From this it is clear that if we desire to win the faith of men for God we must present Christ to them — Christ once dead; Christ as risen; Christ now in glory. Every other theme is useless. We may possibly find subsidiary matter elsewhere. Useful illustrations may abound in the fields of creation and providence. They may be furnished sometimes by the facts, or even the speculations of science — though as to the latter, the greatest caution must be exercised as they are mostly wrong, as witnessed by the ease with which the oncoming generations of speculators dispose of the hypotheses (or, guesses) of their predecessors. Still, the fact remains that if men really believe in God it is by Christ that they believe in Him. Let us therefore preach CHRIST, whether by life or lips or pen.
Redemption is, of course, a work accomplished for us. We need also a work wrought in us. Of this the apostle proceeds to write.
The truth of the Gospel had brought their souls into subjection and obedience in the energy of the Spirit. This had wrought a mighty work of purification. The purifications of the law had consisted in "divers washings" of water (Heb. 9:10), purely external. This was a soul-purification, a moral renovation with love as the outcome, for love is as native to the new nature as hatred is to the old.
If verse 22 presents the work wrought in them and us as it might be observed and described by man, verse 23 lets us into the real secret of it all, from a point of view impossible to man and only to be known because revealed by God. We are born again.
The necessity of this new birth for Israel was alluded to, though in veiled terms, in Ezekiel 36:25-27. The Lord Jesus yet more strongly enforced its necessity when speaking to Nicodemus in John 3. Nicodemus should have known the passage in Ezekiel, hence the Lord's words, "Art thou a master of Israel, and knowest not these things?" The teaching of the Lord is based upon Ezekiel's words, though He greatly expands and clarifies them. Even so, the Lord did not drop all figurative language and still spoke of "water." In the main, however, He stressed the Spirit's sovereign action in new birth. "That which is born of the Spirit is spirit."
Peter's epistle was written in the full light of Christianity. It was not now the Lord Jesus on earth speaking to a Nicodemus, but the same Jesus, risen and glorified after the accomplishment of redemption, speaking through His inspired apostle to Christians. Hence, figures are dropped and the matter stands out with full clearness. Here the energy of the Spirit is only alluded to in verse 22 and the main stress is laid on what we are born of and by.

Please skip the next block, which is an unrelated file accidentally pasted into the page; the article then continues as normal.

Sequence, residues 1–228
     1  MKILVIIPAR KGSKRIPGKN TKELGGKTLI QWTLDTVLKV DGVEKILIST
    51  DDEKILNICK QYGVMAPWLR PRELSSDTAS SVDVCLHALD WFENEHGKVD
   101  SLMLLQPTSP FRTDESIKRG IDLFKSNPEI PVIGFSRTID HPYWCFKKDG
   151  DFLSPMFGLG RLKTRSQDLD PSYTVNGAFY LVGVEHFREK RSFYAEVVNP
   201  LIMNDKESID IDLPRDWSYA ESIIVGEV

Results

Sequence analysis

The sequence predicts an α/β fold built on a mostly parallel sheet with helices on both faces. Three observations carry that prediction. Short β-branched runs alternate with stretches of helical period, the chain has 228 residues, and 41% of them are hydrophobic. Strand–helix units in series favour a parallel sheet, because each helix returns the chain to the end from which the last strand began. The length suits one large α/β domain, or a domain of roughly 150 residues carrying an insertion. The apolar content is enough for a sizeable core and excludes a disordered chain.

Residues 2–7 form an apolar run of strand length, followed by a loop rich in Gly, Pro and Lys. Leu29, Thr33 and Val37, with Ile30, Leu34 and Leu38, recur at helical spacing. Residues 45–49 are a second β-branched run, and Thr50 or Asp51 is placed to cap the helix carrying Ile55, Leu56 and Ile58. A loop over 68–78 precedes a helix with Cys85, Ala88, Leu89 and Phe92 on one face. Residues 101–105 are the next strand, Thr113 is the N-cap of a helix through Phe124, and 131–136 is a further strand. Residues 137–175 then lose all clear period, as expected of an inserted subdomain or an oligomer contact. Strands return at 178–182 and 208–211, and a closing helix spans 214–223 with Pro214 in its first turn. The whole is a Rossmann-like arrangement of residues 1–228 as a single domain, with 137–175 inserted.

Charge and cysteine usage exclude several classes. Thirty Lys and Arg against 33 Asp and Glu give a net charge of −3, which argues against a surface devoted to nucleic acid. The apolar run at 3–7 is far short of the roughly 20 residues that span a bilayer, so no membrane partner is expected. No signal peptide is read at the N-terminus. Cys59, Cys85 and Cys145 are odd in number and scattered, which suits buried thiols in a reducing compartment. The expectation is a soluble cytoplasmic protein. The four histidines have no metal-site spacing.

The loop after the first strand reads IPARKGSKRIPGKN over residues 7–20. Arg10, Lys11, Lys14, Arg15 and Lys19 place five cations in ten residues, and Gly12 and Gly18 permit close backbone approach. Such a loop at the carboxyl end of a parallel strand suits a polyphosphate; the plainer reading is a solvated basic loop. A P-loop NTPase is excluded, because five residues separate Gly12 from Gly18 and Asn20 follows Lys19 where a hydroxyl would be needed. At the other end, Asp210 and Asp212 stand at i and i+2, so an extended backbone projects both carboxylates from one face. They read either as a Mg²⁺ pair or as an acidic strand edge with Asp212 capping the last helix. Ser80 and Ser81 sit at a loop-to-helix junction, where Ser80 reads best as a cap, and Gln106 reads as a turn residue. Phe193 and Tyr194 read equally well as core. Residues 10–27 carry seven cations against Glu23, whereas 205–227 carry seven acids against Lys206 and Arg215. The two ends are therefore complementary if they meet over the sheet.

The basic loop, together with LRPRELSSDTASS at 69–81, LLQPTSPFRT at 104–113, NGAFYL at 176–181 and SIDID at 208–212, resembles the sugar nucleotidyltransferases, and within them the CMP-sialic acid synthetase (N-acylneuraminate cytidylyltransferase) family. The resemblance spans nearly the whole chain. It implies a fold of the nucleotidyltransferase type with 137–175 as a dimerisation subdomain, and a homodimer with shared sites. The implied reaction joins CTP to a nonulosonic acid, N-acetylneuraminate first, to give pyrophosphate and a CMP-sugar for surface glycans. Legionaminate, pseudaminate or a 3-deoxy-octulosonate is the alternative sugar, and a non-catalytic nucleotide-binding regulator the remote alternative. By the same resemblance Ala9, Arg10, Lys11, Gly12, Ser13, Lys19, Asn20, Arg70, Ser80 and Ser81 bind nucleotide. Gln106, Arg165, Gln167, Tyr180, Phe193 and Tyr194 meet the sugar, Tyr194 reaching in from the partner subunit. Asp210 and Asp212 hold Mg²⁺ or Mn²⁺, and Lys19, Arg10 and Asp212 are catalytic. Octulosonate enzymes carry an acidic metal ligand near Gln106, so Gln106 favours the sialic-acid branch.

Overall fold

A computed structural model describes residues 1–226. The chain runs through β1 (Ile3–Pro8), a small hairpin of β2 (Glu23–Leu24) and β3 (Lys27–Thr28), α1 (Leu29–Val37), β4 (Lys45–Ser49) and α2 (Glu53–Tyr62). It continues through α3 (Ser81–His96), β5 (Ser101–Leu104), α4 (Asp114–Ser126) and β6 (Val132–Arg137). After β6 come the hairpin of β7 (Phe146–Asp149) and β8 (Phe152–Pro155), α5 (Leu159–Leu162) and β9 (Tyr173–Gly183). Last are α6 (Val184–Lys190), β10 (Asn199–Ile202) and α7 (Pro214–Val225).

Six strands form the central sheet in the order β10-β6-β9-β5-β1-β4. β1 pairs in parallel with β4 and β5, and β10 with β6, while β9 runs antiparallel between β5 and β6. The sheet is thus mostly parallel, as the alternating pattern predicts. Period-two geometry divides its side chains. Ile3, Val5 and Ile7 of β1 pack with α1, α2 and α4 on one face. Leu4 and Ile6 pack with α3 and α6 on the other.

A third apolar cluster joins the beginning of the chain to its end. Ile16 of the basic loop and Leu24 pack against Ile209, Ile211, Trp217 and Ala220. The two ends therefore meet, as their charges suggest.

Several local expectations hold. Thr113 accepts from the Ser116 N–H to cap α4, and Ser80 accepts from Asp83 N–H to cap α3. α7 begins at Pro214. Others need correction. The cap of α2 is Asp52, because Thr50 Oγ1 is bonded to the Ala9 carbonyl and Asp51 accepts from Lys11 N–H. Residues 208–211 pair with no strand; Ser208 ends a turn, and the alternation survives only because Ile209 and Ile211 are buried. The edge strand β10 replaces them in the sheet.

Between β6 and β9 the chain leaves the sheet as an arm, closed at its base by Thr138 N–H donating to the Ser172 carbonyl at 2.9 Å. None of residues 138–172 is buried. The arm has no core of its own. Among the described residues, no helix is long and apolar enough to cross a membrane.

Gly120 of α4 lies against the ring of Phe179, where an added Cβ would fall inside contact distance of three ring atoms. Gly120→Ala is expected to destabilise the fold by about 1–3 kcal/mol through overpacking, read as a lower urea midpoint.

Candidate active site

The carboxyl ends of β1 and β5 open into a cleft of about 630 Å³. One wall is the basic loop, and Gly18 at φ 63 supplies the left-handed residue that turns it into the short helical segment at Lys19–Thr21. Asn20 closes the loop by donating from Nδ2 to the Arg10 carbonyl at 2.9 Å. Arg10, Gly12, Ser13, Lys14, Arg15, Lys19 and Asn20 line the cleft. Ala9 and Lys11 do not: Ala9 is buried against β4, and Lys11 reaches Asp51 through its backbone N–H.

The life of Adam's race, to which we belong, whether Jews or Gentiles, is utterly corrupted; its nature wholly evil. We must be not only redeemed, but purified. The Spirit of God works to this end and we obey the truth. The real inwardness of the matter, however, is that the Spirit uses the Word of God in such a way that we are born again of incorruptible seed. Consequently, we possess a new nature, springing from a divine source and beyond the taint of corruption. Here, then, is a purification of a most profound and fundamental sort brought about through the Spirit of God by the agency of the Word of God — the "water" of John 3 and Ezekiel 36. It is not difficult to see how apt a figure "water" was.
You will find it helpful to glance at 1 John 3:9, which carries the matter a step further. The expression "born of God" emphasizes the divine source whence we spring. The seed of God remains in us and is incorruptible, as Peter has told us. This is the essential character of our new nature, as will be plainly manifested when the last trace of the old nature is eliminated from us at the coming of the Lord.
Returning to our passage we note that the Word of God by which we are born again is living and it abides for ever, and in this it is directly in contrast with ourselves as the children of Adam. All flesh is as grass which grows up and speedily withers. All man's glory is as the flower of grass, which falls away and disappears even more rapidly than grass itself. Man's glory speedily fades, and man himself passes away into death. The Word of the Lord lives and abides for ever, and by it we are born again.